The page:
The Stop works to increase our community’s access to good food with a variety of different approaches.

Some focus on emergency food needs, like our healthy food bank and Drop-in meal program. Others explore more sustainable, longer term solutions to food insecurity, like our community kitchens, gardens, and advocacy services.

But our newest program cuts right to the source. When someone struggles to put food on the table, it’s not because they don’t know how to cook, or that they live too far away from a supermarket. 9 times out of 10, it’s because they simply don’t have enough money to buy groceries.

The Stop’s Financial Empowerment program, launched on March 1st, will provide low-income people with the knowledge, skills, and supports to manage their finances with confidence, and to afford good food on a more regular basis.

What’s Financial Empowerment?

According to Prosper Canada, it’s “an evidence-driven set of interventions that have proven successful at eliminating systemic barriers to financial inclusion for low-income people, and providing supports that help them to acquire financial skills and behaviours that can improve their financial outcomes.”

The Financial Empowerment approach is made up of five pillars:

  1. Providing financial information, education and counseling
  2. Helping people accessing income-boosting benefits and tax credits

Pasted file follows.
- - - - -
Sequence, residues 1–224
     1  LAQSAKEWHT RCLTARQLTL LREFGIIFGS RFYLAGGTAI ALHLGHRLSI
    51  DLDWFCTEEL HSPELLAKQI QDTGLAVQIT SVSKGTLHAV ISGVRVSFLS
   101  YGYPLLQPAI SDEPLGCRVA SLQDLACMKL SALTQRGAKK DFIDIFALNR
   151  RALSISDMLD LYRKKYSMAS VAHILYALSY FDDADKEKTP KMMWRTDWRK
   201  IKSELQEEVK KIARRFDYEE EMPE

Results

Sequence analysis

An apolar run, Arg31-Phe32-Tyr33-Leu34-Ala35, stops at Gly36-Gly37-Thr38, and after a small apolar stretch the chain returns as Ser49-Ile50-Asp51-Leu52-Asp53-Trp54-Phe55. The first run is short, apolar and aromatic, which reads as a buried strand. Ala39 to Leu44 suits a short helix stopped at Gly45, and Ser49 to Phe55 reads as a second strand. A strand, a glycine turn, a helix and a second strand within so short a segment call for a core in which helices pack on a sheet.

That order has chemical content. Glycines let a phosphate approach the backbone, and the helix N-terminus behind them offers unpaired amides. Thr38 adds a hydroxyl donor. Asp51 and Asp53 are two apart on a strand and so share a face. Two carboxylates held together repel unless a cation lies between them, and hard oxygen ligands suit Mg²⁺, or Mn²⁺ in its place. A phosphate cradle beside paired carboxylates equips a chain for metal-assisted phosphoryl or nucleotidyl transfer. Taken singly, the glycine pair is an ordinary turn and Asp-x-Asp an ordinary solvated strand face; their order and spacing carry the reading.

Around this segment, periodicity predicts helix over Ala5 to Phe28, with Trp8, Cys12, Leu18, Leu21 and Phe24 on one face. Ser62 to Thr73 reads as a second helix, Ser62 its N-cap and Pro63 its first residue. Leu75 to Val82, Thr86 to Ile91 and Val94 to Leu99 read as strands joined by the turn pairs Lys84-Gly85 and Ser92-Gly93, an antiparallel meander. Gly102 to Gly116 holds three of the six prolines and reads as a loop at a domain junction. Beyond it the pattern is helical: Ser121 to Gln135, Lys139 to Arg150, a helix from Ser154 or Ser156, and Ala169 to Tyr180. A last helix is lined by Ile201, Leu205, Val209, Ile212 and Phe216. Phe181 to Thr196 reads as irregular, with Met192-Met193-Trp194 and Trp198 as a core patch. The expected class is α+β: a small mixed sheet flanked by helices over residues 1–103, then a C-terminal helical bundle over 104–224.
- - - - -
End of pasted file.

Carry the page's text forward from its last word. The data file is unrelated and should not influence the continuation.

3. Identifying safe and affordable financial products and services
  4. Assisting people access savings and asset-building opportunities
  5. Building consumer awareness and protection

The Stop will be incorporating these five pillars into our new program. To start, we’ve hired Roxanne Futia as a coordinator to run a year-round, volunteer-staffed Tax Clinic and to work one-on-one with participants to assist with financial goal setting, banking, budgeting and debt management.

Roxanne’s Story:

“Financial Empowerment is meaningful to me for personal reasons. I grew up in a low-income household with a single mother. Worrying about money was always part of my life, even as a child. Then as a student who had massive loans, I wanted to ignore my financial situation because it was too scary to contemplate. I put it out of my mind—and that never leads to good things. Anything that I can do to help people who’ve experienced these same things push through that fear makes me feel good, and I’m happy to help.”

The Stop’s Financial Empowerment program is based off the model pioneered by both Prosper Canada and WoodGreen Community Services. A huge thanks to Amanda Hadida, WoodGreen’s Supervisor of Financial Counseling, who shared an incredible amount of time, knowledge, and resources to support us in launching our new program.

Get Involved:

Questions about our new program? Contact Roxanne Futia at

We’re also looking for people with some tax experience to help staff our Tax Clinic! If you want to make a major difference in the lives of your neighbours, submit an application.

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